The times, they are a-changing.
A survey of the effects of a four-day working week in the UK is being celebrated this week as a “major breakthrough” after results revealed what most people had already assumed: it works.
The six-month trial involved 61 companies in various sectors, including engineering, advertising and education. It was reported that a majority of participating employees experienced a significant decrease in stress, anxiety and burnout, while employers also benefited because fewer sick days were taken. As a result of the findings, a majority of participating companies have agreed to continue with the shorter working week.
Although the results are not surprising, the fact that it’s taken so long to get to the point of even considering it as a possibility, certainly is. While the idea of a four-day work week may seem daunting to companies, it's clear to see there are more upsides when it comes to having healthy and engaged employees.
When the UAE switched its weekends from Friday and Saturday to Saturday and Sunday at the start of 2022, Sharjah introduced a four-day working week with a half-day on Fridays. A report by The National in June looked at how life had changed for residents and found that people were "healthier, happier, and [had] more time with their families".
A decade ago, when I was working for a newspaper in Boston, I had a colleague who worked four days a week but did the same number of hours. So rather than doing eight hours, five days a week, he did 10 hours a day for four days. Despite having “longer” hours, he seemed to enjoy that schedule because of his three-day weekends. Back then, the idea of a four-day work week was a fascinating idea, but also one I didn’t think would ever be seriously discussed.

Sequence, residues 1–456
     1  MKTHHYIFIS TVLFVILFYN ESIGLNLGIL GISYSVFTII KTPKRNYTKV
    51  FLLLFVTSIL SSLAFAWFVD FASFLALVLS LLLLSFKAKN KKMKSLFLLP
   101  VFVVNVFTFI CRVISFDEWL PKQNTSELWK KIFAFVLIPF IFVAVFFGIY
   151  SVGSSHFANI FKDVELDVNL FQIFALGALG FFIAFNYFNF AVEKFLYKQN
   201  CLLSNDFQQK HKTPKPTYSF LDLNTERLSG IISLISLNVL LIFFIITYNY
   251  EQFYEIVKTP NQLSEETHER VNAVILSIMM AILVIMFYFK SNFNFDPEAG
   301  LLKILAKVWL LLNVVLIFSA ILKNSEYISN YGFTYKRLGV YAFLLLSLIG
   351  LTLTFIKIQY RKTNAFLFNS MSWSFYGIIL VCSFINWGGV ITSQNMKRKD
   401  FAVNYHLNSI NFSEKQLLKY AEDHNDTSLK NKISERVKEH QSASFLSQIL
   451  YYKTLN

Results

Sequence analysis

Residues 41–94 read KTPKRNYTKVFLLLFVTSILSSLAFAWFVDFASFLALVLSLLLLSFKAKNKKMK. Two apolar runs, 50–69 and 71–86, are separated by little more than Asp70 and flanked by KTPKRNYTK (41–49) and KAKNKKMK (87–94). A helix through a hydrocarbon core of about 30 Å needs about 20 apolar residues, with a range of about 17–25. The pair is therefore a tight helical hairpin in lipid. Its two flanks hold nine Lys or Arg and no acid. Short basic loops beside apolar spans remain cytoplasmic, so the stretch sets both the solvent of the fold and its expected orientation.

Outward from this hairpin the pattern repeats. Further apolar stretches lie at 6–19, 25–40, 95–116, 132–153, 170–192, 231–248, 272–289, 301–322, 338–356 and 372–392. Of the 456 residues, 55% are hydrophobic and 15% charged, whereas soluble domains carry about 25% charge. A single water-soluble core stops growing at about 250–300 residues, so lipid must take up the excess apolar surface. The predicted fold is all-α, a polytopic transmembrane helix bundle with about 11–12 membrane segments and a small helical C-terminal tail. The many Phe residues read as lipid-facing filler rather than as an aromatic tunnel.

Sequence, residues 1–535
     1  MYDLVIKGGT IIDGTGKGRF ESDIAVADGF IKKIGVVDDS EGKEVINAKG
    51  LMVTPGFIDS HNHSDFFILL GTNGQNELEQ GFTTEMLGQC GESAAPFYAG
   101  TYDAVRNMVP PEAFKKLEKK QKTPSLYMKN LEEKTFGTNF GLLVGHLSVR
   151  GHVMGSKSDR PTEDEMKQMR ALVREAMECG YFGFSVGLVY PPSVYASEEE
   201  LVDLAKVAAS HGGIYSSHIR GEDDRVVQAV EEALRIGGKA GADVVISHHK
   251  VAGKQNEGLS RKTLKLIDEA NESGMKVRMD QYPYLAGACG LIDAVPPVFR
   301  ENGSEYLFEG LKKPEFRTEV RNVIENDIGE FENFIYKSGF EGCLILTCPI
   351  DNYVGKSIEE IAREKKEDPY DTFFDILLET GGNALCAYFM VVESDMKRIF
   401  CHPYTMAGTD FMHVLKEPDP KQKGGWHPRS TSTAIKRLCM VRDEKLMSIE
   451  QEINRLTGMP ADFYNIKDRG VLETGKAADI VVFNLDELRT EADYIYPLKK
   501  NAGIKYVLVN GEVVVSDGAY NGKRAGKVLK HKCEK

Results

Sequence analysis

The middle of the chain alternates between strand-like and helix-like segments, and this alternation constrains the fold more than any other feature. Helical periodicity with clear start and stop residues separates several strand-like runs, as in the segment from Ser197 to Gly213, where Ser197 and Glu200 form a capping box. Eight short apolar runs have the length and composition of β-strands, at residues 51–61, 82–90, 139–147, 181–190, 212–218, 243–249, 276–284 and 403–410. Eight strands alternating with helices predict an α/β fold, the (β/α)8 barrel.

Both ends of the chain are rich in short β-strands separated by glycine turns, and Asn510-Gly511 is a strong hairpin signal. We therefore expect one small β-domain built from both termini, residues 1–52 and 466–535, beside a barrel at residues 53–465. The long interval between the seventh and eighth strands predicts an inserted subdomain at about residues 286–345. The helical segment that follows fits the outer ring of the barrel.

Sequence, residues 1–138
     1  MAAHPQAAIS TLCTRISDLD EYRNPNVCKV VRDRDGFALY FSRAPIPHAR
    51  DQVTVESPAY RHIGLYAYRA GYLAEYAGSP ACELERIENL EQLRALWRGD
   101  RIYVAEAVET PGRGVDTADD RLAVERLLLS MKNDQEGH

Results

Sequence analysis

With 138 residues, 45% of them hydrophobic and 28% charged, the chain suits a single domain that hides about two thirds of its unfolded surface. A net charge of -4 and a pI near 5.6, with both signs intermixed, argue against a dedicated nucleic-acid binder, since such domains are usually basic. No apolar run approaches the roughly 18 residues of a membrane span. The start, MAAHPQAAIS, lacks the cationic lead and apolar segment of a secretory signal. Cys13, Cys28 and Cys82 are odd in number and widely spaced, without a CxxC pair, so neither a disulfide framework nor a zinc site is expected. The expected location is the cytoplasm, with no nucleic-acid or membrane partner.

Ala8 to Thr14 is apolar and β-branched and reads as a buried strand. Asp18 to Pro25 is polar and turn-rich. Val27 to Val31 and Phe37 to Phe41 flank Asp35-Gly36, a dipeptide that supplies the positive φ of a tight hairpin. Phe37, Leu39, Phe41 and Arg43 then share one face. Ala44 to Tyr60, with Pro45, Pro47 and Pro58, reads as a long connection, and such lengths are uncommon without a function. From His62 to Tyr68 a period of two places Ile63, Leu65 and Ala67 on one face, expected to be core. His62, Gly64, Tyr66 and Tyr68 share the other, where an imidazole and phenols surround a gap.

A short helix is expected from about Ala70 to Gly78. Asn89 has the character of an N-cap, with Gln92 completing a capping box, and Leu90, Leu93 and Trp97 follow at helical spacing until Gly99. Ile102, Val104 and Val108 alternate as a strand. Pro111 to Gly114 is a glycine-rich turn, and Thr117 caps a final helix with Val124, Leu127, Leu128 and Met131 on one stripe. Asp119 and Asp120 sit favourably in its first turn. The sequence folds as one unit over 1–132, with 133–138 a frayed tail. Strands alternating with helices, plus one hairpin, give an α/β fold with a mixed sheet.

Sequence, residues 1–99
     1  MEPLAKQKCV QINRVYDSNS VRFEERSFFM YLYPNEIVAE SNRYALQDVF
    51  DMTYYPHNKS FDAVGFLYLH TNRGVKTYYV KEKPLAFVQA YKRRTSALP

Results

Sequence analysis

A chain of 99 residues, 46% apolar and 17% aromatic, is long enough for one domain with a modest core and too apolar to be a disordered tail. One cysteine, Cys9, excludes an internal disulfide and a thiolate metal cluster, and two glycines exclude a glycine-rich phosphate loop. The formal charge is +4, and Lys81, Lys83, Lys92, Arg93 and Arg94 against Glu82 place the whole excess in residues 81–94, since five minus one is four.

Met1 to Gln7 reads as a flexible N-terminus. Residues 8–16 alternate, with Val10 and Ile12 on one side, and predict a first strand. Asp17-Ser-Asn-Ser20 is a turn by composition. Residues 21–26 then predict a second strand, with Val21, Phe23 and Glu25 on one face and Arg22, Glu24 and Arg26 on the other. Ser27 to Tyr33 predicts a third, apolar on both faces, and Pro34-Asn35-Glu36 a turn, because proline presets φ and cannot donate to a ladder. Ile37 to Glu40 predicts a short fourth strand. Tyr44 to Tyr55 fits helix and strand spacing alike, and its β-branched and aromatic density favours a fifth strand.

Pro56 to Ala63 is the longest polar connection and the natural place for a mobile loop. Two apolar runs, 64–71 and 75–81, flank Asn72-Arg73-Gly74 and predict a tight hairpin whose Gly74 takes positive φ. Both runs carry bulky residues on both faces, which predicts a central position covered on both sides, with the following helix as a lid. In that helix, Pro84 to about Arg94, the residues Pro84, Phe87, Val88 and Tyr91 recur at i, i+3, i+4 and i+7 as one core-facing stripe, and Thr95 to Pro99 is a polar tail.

The world has changed in the past few years and now, more than ever, people are starting to value their mental health, and one of the best ways to do so is by having a good work-life balance.
Unfortunately, the typical five-day work week doesn’t seem to cut it any more. Two-day weekends seem to breeze by and suddenly Monday (or whichever day one returns to work) is right there again. That time needed to relax and recharge just isn’t enough.
As someone who has taken sporadic three-day weekends in the past, the extra day really does make a difference. There’s a day to unwind, a day to get things done and a day to prepare for the week ahead.
The logic behind a shorter work week isn't limited to a longer weekend, however.
One of the biggest arguments against a four-day work week is the belief that it may cause an increase in stress or burnout because the same amount of work still needs to be done, only within a shorter amount of time. But one less day to complete tasks could actually help some people prioritise with a sharper focus, essentially getting rid of wasted hours.
There’s also the worry employers wouldn’t know how to begin and there would be issues with figuring out how to manage different schedules. But if we were able to get through a pandemic, where the majority of people worked remotely and were still able to do their jobs, I’m pretty sure we’d be able to figure out how to manage a change in the working week.
It may not be suitable for all companies and it may seem difficult in the beginning, but surely the potential benefits outweigh the perceived disadvantages. If we learnt anything from the pandemic, it's how important it is to take care of yourself. Hopefully, in the future, companies will remember this too.